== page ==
## Testing Projections for 2011

**jackky**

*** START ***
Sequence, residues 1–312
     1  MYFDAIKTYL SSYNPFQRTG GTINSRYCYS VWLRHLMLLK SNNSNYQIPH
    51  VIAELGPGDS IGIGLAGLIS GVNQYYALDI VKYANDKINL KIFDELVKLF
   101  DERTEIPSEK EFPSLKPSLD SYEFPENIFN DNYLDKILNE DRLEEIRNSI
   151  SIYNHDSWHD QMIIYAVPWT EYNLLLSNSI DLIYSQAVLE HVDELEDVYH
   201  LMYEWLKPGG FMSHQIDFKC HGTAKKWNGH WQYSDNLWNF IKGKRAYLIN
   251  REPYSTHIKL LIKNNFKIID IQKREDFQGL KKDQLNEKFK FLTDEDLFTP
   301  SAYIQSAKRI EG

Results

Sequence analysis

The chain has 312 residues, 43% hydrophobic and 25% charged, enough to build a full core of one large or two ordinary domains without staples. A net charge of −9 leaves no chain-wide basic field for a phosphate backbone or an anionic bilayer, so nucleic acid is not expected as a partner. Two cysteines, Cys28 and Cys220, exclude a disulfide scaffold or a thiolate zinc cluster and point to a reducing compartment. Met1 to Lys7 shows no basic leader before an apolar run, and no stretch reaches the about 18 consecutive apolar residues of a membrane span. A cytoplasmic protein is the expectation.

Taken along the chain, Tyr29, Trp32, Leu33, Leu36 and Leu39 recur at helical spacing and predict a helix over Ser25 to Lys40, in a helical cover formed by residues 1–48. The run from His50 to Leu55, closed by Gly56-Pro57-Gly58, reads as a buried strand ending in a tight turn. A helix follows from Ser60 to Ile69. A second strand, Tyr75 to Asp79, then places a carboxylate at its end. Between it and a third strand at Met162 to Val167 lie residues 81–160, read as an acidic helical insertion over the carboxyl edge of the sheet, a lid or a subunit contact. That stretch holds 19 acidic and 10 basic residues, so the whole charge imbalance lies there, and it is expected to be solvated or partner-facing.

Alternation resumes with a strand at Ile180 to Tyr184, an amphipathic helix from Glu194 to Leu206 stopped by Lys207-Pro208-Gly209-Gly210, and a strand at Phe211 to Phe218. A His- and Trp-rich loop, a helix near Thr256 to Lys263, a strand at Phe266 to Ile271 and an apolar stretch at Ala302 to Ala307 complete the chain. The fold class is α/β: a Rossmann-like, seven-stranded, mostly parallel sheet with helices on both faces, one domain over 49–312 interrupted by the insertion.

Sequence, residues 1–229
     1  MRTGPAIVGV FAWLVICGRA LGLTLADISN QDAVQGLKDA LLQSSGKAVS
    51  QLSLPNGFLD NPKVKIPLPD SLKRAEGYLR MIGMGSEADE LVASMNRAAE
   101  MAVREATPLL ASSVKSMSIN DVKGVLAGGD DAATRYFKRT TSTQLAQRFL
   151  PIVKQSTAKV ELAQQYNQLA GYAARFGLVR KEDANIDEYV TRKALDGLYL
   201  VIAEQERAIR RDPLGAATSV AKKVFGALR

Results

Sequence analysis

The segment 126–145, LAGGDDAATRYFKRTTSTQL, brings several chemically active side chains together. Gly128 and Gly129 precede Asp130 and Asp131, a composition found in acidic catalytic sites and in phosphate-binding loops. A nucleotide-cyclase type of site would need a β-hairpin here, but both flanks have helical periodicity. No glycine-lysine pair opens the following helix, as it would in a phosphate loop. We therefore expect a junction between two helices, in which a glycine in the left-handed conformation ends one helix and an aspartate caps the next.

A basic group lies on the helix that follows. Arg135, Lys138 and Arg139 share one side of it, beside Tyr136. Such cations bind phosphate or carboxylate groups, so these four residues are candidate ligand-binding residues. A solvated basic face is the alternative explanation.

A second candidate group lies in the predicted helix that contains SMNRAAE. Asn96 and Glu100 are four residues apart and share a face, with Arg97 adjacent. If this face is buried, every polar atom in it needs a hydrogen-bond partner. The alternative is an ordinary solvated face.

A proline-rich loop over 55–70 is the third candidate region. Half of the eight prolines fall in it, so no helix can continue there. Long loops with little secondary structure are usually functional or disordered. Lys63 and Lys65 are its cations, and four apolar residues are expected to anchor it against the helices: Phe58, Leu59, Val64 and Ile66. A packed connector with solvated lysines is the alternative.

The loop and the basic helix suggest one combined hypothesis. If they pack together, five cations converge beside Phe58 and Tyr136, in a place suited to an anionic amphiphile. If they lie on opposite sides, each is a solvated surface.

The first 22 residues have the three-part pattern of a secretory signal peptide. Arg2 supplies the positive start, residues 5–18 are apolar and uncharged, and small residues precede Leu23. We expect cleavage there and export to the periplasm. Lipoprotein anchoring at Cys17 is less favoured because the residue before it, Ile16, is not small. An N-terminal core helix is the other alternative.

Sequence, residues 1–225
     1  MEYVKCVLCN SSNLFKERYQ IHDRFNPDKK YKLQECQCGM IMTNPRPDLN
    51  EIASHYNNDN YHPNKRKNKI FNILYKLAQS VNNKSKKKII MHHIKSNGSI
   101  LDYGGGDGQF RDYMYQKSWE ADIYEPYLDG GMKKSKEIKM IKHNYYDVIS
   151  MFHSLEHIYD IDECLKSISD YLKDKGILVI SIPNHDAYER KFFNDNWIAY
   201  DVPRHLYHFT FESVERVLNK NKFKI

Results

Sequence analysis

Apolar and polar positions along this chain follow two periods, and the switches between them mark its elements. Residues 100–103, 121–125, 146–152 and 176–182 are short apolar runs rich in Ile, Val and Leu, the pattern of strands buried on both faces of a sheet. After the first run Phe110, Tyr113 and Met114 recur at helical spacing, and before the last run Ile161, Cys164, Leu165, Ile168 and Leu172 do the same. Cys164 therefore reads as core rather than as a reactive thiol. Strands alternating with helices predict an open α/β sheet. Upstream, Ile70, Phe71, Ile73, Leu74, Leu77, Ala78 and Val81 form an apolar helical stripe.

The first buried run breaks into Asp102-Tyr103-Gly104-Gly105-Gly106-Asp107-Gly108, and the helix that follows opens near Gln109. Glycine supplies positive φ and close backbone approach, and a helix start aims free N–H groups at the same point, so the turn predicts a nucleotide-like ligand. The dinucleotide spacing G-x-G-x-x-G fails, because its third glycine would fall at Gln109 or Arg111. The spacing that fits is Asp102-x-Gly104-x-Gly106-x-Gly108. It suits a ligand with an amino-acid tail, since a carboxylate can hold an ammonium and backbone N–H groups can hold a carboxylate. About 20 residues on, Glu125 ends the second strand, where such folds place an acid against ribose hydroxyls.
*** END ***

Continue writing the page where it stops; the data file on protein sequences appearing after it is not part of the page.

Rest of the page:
Each year, baseball fans and commentators acro s the nation make bold predictions about what they expect in the coming year. They often times make outlandish claims like Adam Dunn will hit 50 home runs in Comerica Park! or This is the year that Joe Mauer finally hits .400! but such predictions are far more apt to be **Terron Armstead Jersey** high than low. Sure, if you said Jose Bautista was going to summon greatne s going into 2010, you looked pretty smart, but anyone who predicts performance seriously recognizes that you need to hedge your bets. While frequently accused of being overly pe simistic about whoever your house Nine are, typically, they land high about as often as they land low. Seo of projection systems grows by the year, but there are significant differences together. Today, Ill evaluate their 2011 projections for hitters and pitchers.Firstly, lets peak in the candidates:MARCEL: Tom Tangos free projection system, intentionally utilizing a simple formula as a challenge to forecasters.PECOTA: Baseball Prospectus projection system available by subscription, run by Colin Wyers.OLIVER: The Hardball Times projection system available by subscription, operated by Brian Cartwright.ZIPS: Baseball Think Factorys free projection system, run by Dan Szymborski.CAIRO: Revenge from the RLYWs free projection system, run by SG.STEAMER: Free projection system, run by Jared Cro s, and his former students, Dash Davidson and Peter Rosenbloom.You can find out more about these projection systems here.HITTERSThe projection systems differ significantly with respect to their standard deviations of wOBA, with some hitting projection systems being particularly more risky in estimating the performance of players. The more risky a projection system, the more likely it will likely be wrong by a lot, which hurts its performance, particularly regarding its Root Mean Square Error. Thus, riskier projection systems might be right more regularly, but when theyre wrong, theyre very wrong. So, before we all do anything, lets rank the projection systems in terms of how risky they're:ProjectionStDev of WOBAOliver.0309Steamer.0289ZiPS.0287Cairo.0283PECOTA.0278Marcel.0234Marcel is going to have fewer big mi ses than Oliver will, so well want to look at both RMSE (which will punish risky gue ses) and Correlation (that will reward better player rankings), in addition to average absolute error (that will fall somewhere in between in terms of punishing and ignoring risky projections).Here may be the RMSE table, weighted by PA, and just including guys with a minimum of 200 PA. As you can see, PECOTA, a comparatively safe projection arrives ahead, even further ahead than **Tim Lelito Jersey** Marcel which is even safer. Ill likewise incorporate a row for last years stats to see how predict they are.ProjectionRMSEPECOTA.0317ZiPS.0318Oliver.0321Steamer.0322Marcel.0330Cairo.0333Last Years Stats.0388Oliver fared pretty much, despite its risky nature. It takes a step forward whenever you take a look at absolute average error.Absolute average error and root mean square error are differing in terms of just how much they punish bad performance. Take System A that mi ses on Player X by 20 points of wOBA and mi ses on Player Y through the same amount. Take System B that gue ses Player X exactly but mi ses on Player Y by 30 points. Average absolute error will favor System B, but RMSE will favor System A.ProjectionAAEZiPS.0244Steamer.0247Oliver.0247PECOTA.0248Marcel.0257Cairo.0264Last Year.0303ZiPS may be the champion of AAE, with its somewhat risky projections. They may be wrong by more when theyre wrong, but theyre **Brandin Cooks Jersey** right more often.If then we jump forward and look at correlation, we get a whole new winner. Correlation will probably be different because all correlation likes you is rankings for the most part. Should you projected Ryan Braun to have a .530 wOBA and Adrian Beltre to have a .430 wOBA, you'd have had a great projection year using correlations, even though Brauns wOBA was closer to .430 and Beltres was closer to .380. Correlation just wants you to rank the guys well. Using correlation, we obtain the following rankings.ProjectionCorrel.Oliver.6151ZiPS.6139PECOTA.6136Steamer.6039Cairo.5685Marcel.5614Last Year.4740Oliver arrives in front if you use correlation. Despite having perhaps overly aggre sive estimates of talent level, scaling back your Oliver projections may have been the best way to predict hitters.PITCHERSWhat **B.W. Webb Jersey** about pitchers? Well, the leaderboard will look quite different there. Following a number of these work, I include some ERA Estimators among pitching projections. This time around, Ill convert them into projections by regre sing ERA in 2011 against 2010 and 2009 versions of the ERA estimators. This produced the following formulas:SIERA_proj = .59*SIERA(10) + .26*SIERA(09) + 0.47xFIP_proj = .65*xFIP(10) + .24*xFIP(09) + 0.29FIP_proj = .43*FIP(10) + .30*FIP(09) + 0.94tERA_proj = .38*tERA(10) + .29*tERA(09) + 1.08The projections now have the following standard deviations of ERA among all pitchers with 40 IP in 2011:ProjectionStDev of ERAZiPS.7322PECOTA.7238Oliver.6356Cairo.5314Steamer.5207Marcel.4453SIERA_proj.4188xFIP_proj.3854FIP_proj.3829tERA_proj.3807Starting served by RMSEwhich should punish riskier projections, we see that it does exactly that:ProjectionRMSESteamer.8324Cairo.8736SIERA_proj.8746xFIP_proj.9014FIP_proj.9033tERA_proj.9050Marcel.9066PECOTA1.024ZiPS1.030Oliver1.042Last Years Stats1.282ZiPS, PECOTA, and Oliver all had the riskier projections and all sorts of fared the worse. Interestingly, despite being more risky than scaled back ERA estimators, Steamer and Cairo outperformed them at RMSE.What about average absolute error? The rankings look similar, though several projections swap places.ProjectionAAESteamer.7067SIERA_proj.7281Cairo.7331FIP_proj.7333xFIP_proj.7360tERA_proj.7361Marcel.7474ZiPS.7749PECOTA.7905Oliver.8009Last Years Stats.8766Steamer again comes out ahead. Moving to correlation, we have seen exactly the same kind of thing, though surprisingly, Marcel does better and Oliver does worse with correlation, despite its punishment of conservative projections.ProjectionCorrel.Steamer.4581Cairo.4213SIERA_proj.4089xFIP_proj.3763Marcel.3744FIP_proj.3739tERA_proj.3715PECOTA.3705ZiPS.3701Last Years Stats.3265Oliver.3163But on the 3, Steamer arrives ahead. Gurus Jared Cro s what was making his projections so good, and that he explained he was using velocity (as well as handedne s) in the pitcher projections **Michael Hoomanawanui Jersey** , which was giving them an advantage. He wasnt alone to point out doing something like this. I only started thinking seriously about this recently, but I think it truly is the next big thing in pitcher projections. Unlike hitter projections which seem to get down to which metric you want to use to test them, pitcher projections return Steamer in all three tests. Perhaps more interestingly, the better-known projections such as Oliver, PECOTA, and ZiPS, despite doing the best on hitters, they fare the worst with pitchers. Perhaps being good at projecting both pitchers and hitters is as rare to be good at doing each of them.Of course, these are all just one-year tests, there is a lot of luck involved for any of those. However, as all these systems moves forward to their next race, this is when they stand.